As we see colleges like Rio Salado and for-profits like National, Argosy, and Walden “Universities” create huge online programs, we see more and more courses designed by “teams” and taught by associate faculty/staff. When online learning began, of course, faculty created their own courses and taught them, but there were efficiencies to be had by creating one course and having it be reused by everyone. Publishing companies were quick to start creating their own courses to go with their textbooks, complete with Blackboard cartridges and/or their own learning management systems (I was asked by at least one of them to write a course they could sell). And now Google and Pearson are teaming up with their own “free” LMS (you’ll pay with your personal and marketing information) so that people can “share” courses (in their LMS’s format) under a Creative Commons license (Attribution only, of course, so they can be sold later — it wouldn’t do to have them be Non-Commercial and Share Alike).
Sense my disgust? To me, these are all canned courses, made to last a long time and be consumable by anyone, but more importantly, taught by anyone. We continue to sojourn, often voluntarily and with enthusiam, into the Land with No Professor, as detailed elegantly by Alex Wright in his From ivory tower to academic sweatship of 2005.
So now I hear things like this more than ever:
“So what’s wrong with using the publisher’s PowerP*ints if it’s good stuff?”
“So why shouldn’t I use the course cartridge? I create and run my own discussion boards.”
“They do all this video and stuff better than I do — that keeps students engaged.”
I sputter around, after I get my chin off the floor. What about the de-professionalization of teaching? what about improving those technology skills? can’t you see it’s all the commercialization of education and you are a willing participant?
But today, after thinking about this issue for, oh, fifteen years, it occurred to me what’s really, really wrong with using course cartridges and canned material.
It’s modeling the wrong thing.
Modeling is very important — some say it’s the most important aspect of college teaching. It’s our main job, Stephen Downes says, modeling and demonstrating. A faculty member shared with me only today an exam where he accidentally had two questions that were the same, but one phrased concretely and one conceptually. The students aced the concrete question and failed the conceptual question, though the answer was the same. I suggested that instead of asking them what happened, he instead should model how he developed the question, what he was thinking he’d get in response, and what happened when he saw the completed exams. I suggested this would show the students he’s human and works on these things, share his method with them so they feel included, get him good answers to why it occurred, and review the material, all at the same time. That’s what modeling does.
So what does it mean when we build our courses on material created by someone else?
If we are using it wholesale, out of the can, we are modeling a lack of creativity (in addition to implying that our own view as a discipline expert is kind of beside the point). It’s very difficult to model how historians do history (or chemists do chemistry, or writers write) when we are using someone else’s interpretation or method.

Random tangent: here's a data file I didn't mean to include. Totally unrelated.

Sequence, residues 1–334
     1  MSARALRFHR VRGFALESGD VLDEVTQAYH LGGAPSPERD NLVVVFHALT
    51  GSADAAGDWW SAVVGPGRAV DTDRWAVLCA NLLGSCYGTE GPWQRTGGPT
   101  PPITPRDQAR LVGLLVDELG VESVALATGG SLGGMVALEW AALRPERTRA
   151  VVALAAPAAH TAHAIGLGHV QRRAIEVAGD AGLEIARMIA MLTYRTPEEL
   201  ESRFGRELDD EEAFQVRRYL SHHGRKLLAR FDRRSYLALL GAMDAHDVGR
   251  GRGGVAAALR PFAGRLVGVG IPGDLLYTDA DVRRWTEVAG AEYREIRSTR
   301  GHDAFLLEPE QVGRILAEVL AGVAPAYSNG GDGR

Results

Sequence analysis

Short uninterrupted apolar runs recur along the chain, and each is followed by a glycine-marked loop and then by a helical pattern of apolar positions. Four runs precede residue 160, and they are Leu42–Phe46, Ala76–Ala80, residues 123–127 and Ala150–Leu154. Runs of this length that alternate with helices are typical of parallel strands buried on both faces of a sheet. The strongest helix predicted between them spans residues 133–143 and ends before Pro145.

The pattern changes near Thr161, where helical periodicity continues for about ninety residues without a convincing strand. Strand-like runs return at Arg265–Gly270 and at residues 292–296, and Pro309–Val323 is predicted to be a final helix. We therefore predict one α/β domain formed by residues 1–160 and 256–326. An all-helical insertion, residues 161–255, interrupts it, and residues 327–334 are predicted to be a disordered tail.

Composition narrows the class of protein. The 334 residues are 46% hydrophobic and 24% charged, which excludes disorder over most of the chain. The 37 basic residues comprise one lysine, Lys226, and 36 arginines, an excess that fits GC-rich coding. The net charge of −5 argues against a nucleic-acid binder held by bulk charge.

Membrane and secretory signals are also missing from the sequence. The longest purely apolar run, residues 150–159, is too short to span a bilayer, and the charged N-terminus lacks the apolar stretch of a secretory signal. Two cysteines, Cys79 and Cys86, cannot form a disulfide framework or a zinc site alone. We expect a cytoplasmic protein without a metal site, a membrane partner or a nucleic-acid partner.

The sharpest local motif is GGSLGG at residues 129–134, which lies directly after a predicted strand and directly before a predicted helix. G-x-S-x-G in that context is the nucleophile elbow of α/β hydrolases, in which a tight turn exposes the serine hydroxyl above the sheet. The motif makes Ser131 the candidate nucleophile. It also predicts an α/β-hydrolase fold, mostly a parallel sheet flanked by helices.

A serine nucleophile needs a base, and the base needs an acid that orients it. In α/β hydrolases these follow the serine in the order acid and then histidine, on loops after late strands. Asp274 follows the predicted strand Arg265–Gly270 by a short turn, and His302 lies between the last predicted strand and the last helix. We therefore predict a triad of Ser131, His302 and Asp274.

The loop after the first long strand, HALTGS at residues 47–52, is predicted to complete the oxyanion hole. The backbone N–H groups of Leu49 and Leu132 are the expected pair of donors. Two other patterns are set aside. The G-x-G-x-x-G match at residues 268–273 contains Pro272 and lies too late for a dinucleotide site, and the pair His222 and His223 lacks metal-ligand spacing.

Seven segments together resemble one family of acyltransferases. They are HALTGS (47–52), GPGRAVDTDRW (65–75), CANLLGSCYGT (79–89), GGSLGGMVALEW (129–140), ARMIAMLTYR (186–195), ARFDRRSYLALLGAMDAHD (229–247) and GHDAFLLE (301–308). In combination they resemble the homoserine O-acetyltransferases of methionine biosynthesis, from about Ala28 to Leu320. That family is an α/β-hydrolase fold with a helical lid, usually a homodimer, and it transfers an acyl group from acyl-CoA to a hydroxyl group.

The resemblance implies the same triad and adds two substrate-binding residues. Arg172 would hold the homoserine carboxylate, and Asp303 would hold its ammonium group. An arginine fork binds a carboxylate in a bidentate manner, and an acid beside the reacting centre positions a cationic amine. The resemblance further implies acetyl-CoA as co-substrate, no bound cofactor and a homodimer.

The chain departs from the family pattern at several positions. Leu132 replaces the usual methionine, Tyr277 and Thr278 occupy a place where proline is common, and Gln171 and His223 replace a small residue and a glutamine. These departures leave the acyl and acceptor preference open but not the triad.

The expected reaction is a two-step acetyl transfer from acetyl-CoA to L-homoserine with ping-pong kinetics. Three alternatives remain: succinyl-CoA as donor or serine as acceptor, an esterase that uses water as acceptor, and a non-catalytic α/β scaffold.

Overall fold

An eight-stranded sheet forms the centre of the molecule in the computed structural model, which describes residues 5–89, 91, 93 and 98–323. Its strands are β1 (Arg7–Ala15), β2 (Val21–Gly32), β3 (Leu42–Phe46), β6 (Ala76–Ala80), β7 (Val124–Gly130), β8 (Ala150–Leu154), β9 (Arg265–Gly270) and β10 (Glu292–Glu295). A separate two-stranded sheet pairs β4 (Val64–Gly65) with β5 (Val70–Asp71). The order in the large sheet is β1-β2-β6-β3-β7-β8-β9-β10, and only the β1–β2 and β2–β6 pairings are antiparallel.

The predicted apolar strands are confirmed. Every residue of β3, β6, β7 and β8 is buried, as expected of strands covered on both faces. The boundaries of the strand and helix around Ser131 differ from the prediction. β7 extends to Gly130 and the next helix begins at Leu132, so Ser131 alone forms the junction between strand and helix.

We are also displaying an absence of critical thinking, the kind that we say we want our students to engage in, unless we are using canned content as the start of a discussion about perspectives on that content (I wish that happened a lot, but it doesn’t).
And we’re showing a lack of respect for our own professions as practitioners of both a discipline and of teaching.
If we want to promote a thoughtful citizenry that can make important decisions, work creatively to change what’s wrong, and innovate to make our society better, it’s a pretty poor example to rely on canned material.
Is there a good way to use all this excellent content? You bet. We can disassemble, disaggregate, reinvent, repurpose, re-create. We can take just what we need (quiz questions, maps, slides) and use it to support our pedagogy. If the publisher doesn’t allow that (I can’t take apart the PowerPoints provided by the publisher of my textbook, for example) we don’t use it. We can learn just a few skills — maybe editing video or doing a screencast or slideshow. Make our own stuff. It won’t look professional, and that’s OK. It will look human, and students will be seeing an example of an instructor who makes his own stuff to get a point across. As with modeling the design of a test question, whatever we make will be saying to students that we cared enough to make it to help them understand.
It will also model that we are professionals with viewpoints created from a deep understanding of our fields, individual viewpoints based on common methods, vocabulary and standards. That’s what we want them to do — use the skills of our discipline to better understand the world, and help improve it. As Richard Kahn notes about Howard Zinn’s argument that professors should share not only their viewpoints with the class but how they developed them:
[F]rom a perspective such as Zinn’s, our job as educators is to invite our classes into the rigorous pursuit and production of the living history of ideas—the truth of our unfolding human process in all of its registers. In this way, we thus also model for students how to begin naming and navigating the various socio-cultural forces coalescing around them, to articulate and argue for their own perspectives on society and its institutions, and so in good faith become democratic citizens capable of exerting their own civic leadership.
We certainly can’t do that with a course cartridge.